What Is The Rarest English Verb?

By “rarest”, I mean the least used. Excluding archaic verbs, what verb has the least use?
My guess would be “twiddle”…it doesn’t seem to get much use these days.

This list claims to be the least common English words.
(alphabetical order)

I’d probably say ‘bing’ (to look something up online).

That’s nonsense. I know every one of those words, and some of them are used with great frequency, such as “renovation,” “hypothesis,” and “lobbyist.”

The phrase “twiddling his/her/their thumbs” is in common use though.

That list consists largely of quite common words such as “compassion”, “asylum” and “abstain”.

You can check the British National Corpus to give one measure of the relative frequency of various words. For example “twiddle” appears 23 times, so if you find verbs that score lower than that, you may consider them as candidates. Examples: “chide” (13), “derogate” (17). You can also refine the search to exclude academic text, include only spoken word, etc.

Questions like this are never meaningful, because it depends entirely on where you draw the “archaic” line. In principle, someone could make a big, long list of all English words in order of frequency of use. The top portion of the list is current, and the bottom portion is archaic, and so somewhere in between there has to be a transition from one to the other. Where do you want to draw that bright line that represents something that’s inherently fuzzy? I dunno, but wherever you draw it, there’s your answer.

There is neither a verb nor particularly rare in usage, so I really doubt it. :wink:

Methinks Chronos hath given unto us a list wherethrough we shall peradventure win teh internets. Thou wist that I have spoken somedeal soothly.

Whatever it is, it’s likely you never heard of it. There’s an awful lot of extremely obscure words you can find in a large dictionary, that probably don’t count as archaic, but are so incredibly seldom used that practically nobody is familiar with the word. Often they are words used only in some very specialized field, like a specific word for weaning a yak calf from its mother, or something like this. In fact, there’s a parlor game based on words like these, which is currently being done on the NPR show “Says You” as their so called “bluffing round”. In their version of it, the moderator announces a horribly obscure word, and pieces of paper are handed to the three members of one team. One of them has the actual definition, the other two are to make up definitions within 30 seconds. They all read out their definitions, which are usually ALL extremely silly sounding, and the other team has to guess which one is the real definition.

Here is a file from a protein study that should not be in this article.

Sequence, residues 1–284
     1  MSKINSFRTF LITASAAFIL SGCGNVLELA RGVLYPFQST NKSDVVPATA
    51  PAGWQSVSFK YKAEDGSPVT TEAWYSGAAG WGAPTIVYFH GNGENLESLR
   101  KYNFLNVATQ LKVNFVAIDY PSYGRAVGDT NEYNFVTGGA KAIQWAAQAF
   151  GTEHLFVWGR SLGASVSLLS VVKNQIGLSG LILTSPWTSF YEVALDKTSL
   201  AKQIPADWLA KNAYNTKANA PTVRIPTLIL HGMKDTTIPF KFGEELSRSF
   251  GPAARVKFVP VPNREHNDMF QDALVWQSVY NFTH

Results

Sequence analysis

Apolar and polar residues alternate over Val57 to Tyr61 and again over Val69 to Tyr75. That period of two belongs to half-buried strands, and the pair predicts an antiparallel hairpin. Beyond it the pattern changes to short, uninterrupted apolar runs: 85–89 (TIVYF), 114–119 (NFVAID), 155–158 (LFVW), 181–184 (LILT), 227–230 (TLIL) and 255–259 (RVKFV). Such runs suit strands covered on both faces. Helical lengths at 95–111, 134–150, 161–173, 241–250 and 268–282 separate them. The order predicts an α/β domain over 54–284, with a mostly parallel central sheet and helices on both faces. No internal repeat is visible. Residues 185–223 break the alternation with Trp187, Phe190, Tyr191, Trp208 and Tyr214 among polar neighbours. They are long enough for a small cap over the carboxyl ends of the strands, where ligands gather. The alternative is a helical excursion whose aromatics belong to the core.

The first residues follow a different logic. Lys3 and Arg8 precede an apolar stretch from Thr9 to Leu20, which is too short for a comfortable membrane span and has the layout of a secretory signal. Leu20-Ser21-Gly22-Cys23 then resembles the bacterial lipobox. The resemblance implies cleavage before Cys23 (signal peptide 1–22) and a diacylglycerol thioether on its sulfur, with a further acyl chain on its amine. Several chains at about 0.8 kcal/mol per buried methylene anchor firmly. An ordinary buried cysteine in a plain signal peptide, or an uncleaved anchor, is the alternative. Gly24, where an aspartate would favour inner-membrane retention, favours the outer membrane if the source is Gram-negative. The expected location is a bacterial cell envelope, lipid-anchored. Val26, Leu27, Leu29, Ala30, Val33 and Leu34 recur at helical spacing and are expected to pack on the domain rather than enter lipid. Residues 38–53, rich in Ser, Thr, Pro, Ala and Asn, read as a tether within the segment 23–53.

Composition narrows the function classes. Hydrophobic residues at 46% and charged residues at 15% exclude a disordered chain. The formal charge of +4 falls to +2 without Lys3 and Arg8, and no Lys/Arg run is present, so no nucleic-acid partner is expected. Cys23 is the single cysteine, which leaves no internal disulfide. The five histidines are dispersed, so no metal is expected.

Good point. A lot of people can probably come up with a few terms that have a restricted usage, even though many people probably can understand them. When was the last time since high school or college lab classes when you felt it important that something be deoxygenated or that some numerical measurements be metrificated?

Well, “wat” must be among the rarest pronouns, that’s for sure.

The effect is funnier when the word is not some technical jargon construct, and actually describes something strange to begin with. For instance, I just poked around and found one of their words was “catillate”, which means to lick dishes.

You mean like a cat?

We could never figure out in our French verb book what the verb “To gird on” meant. It was only later when listening to The Minstrel Boy that I figured it out.

I’m not sure the question can be answered. The BNC is way too small to get lots of really obscure words and all the different meanings and usages of all the words both common and obscure… Even if it were 1000 times larger than it is, it probably still would be inadequate.

For example, the word taco shows up 28 times in that corpus. How many times was it used as a verb? Looking at the 28 contexts, none at all. Yet it’s used as a verb in certain contexts (for instance you can taco your bicycle wheel. Where I work, we have a totally different use of taco as a verb.).

Another example, in his novel Even Cowgirls Get the Blues, Tim Robbins used science fiction as a verb. That’s pretty rare, I’d say, although I doubt if it’s anything close to the rarest.

That suggests itself, but it’s apparently rooted in Latin:


Which leaves us with the question of why the Romans felt they had to have a specific word to mean licking plates.

Correction. It was Still Life with Woodpecker and Tom Robbins, not Tim.

I am going to submit “girt” which is almost never used except in the Australian national anthem. :slight_smile:

Funny; I wouldn’t have considered “derogate” such an obscure word. It’s used relatively frequently in legal writing - a provision derogates from another. Maybe a term of art that is not used a lot in everyday writing, but I still would have thought that the legal usage alone would suffice to prevent it from being a fringe word.